Martin: You can give them that higher price if they’re willing to be creative on the terms and we’ll throw out too as far as branded and unbranded, it makes a difference in markets. In Phoenix here, that’s really what I was speaking too but in the – like I suspect we’re not really in any rural markets per se, but in the smaller markets, I think unbranded does better because, again, people aren’t so accustomed to receiving postcards. They’re not – they don’t look at ’em through the same jaded filter that somebody who’s been getting postcards, multiple postcards a week, perhaps for years, might be looking at it here in Phoenix. So, it kinda depends on the market too and so that’s part of the process that we go through is when mailing in a different market is testing it out. You’ve got to test it, you’ve gotta have different mail pieces, you always have to be improving and measuring what works ’cause what works in Florida may not work in Phoenix and it may not work the same in Dallas or California or whatever, but the bottom line is people need to sell houses, people are in distressed situations and we can help them, and it’s our job to figure out the best way to find those people.

Larry: That’s a really good point. You mentioned seller financing. When you can’t pay somebody’s cash price, you offer to give them their price if they’re willing to finance it. Tell us a little bit about that and maybe a deal or two you’ve done.

Martin: Yeah, so I wish I would do more of these. I love seller financing. You know Eddie Speed, he’s the king, and he has so many creative ways to do deals. I generally keep it fairly simple. I’d like to expand our repertoire, so to speak, but, for example, for me, ’cause like Eddie, he can teach you how to – and maybe you can too ’cause I think you’ve done a lot of these, structure a seller carry deal that you can flip the deal.

Larry: Right.

Martin: Just a little higher. I generally don’t. When we do a seller carry, I structure it pretty simple with a monthly payment that allows cash flow and then I can move it into a rental or a vacation rental.

Larry: Right.

Martin: And as long as I have cash flow, I don’t really care what the purchase price is because, I mean, think about it, houses thirty years ago, it didn’t matter if you bought it for $15,000 or $18,000 or $20,000 if it’s worth $120,000 today, you know? It doesn’t really matter. You could pay market value, above market value, you can pay double if they give you good enough terms and that’s what I like about seller financing. So, we’ve done that a few times where if somebody is stuck on a number, in fact, I’m negotiating one right now in a great area in Phoenix, beautiful area. They want their number. It’s about a hundred grand more than it’s worth but if I can get them to get me a monthly payment that allow me to cash flow it as a vacation rental, I’m gonna do that deal. Now, I do need to put about eighty grand into it so what we’re talking about, this is a little bit creative, where we are going to delay the monthly payment. We’re gonna do two loans. We’re gonna do a loan for a smaller amount like a hundred grand. Instead of as a down payment, I’m gonna repay that hundred grand in two years and then the monthly payment for the balance is gonna kick in and so that’s gonna allow me to get into that deal for a lot less money out of my pocket while I’m renovating and the larger monthly payment will kick in a little bit down the road.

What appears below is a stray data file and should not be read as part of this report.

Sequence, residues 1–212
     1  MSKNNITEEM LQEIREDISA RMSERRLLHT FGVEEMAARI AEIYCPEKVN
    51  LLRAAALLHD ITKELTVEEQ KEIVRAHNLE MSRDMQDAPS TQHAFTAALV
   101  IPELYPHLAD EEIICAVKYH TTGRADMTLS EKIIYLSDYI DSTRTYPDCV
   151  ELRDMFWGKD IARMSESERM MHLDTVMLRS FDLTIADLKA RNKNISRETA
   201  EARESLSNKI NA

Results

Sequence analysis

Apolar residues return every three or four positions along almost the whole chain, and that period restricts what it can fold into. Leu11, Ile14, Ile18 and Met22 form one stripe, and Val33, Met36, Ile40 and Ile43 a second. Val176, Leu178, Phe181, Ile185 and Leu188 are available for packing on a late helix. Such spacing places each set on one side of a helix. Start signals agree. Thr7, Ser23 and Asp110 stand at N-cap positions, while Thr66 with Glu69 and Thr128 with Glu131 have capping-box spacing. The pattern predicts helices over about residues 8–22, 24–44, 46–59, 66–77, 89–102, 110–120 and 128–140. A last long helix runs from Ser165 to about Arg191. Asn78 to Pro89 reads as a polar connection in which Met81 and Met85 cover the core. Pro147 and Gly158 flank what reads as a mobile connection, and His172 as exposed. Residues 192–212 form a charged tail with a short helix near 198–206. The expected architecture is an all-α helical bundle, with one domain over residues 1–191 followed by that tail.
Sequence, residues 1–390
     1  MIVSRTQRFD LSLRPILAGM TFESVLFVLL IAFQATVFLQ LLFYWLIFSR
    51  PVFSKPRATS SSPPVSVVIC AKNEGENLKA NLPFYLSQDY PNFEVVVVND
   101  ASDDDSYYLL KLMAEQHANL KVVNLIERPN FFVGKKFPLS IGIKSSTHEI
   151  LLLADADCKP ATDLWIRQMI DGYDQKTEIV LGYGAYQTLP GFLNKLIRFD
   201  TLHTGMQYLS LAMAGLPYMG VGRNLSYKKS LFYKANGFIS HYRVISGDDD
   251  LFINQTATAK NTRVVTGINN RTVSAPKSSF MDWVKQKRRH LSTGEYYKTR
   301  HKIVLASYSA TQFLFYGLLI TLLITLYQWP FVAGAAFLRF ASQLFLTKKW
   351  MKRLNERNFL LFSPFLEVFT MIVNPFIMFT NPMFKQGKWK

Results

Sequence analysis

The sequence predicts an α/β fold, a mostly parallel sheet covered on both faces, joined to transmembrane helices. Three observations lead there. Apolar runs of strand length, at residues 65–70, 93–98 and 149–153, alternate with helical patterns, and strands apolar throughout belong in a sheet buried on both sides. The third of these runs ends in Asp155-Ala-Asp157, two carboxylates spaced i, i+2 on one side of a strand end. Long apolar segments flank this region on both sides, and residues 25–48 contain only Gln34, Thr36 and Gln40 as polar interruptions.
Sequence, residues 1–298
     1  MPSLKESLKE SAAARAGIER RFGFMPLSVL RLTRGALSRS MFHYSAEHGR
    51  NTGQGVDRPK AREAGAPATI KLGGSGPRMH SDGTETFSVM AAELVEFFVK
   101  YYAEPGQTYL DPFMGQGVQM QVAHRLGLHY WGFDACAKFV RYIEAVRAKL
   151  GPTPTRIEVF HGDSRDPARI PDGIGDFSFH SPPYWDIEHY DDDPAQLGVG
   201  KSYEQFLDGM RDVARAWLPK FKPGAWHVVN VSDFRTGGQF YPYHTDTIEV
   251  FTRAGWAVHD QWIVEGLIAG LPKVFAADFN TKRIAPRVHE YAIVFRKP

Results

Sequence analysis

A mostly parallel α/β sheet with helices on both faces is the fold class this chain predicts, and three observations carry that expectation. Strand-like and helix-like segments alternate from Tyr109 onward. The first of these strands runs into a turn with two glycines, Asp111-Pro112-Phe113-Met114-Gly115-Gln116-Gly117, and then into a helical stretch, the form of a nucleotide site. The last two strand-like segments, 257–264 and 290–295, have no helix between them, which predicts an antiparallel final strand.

Larry: And you know what, any seller should love that because if you’re putting eighty grand into their house, you know, all you’re doing is increasing the equity in their asset that they have a loan.

Martin: Yeah.

Larry: Exactly, exactly. That’s really good. Now, you’ve mentioned a couple of times vacation rentals or short-term rentals. Let’s talk a little bit about that. Tell us – I’m assuming you’re doing a lot of Airbnb.

Martin: Yeah. Well, it is a pretty new business for us, but, I mean, we live in Phoenix, right? So, people come here for all sorts of reasons but spring training is a big one, the Phoenix Open is a big one, you know, the Barrett-Jackson Car Show, I mean, the Phoenix Cardinals. You know, anyway, there’s some people who travel in for professional sports games. It’s a big – not as big as let’s say Vegas for conventions but people come in for – anyway, bottom line is even in the summer when it’s hot, people are traveling and this is a great destination spot and like I said, it’s something we’re just getting started in but we’re really excited about because we feel like – on average, we should be able to about double our net monthly on a property as a vacation rental versus a traditional rental, and the other beauty of a vacation rental is your property is getting cleaned every three, four days versus a rental where after you – when you see it a year or two later, it definitely hasn’t been cleaned every three or four days.

Larry: Probably never.

Martin: Probably never, right.

Larry: That’s funny. I love it.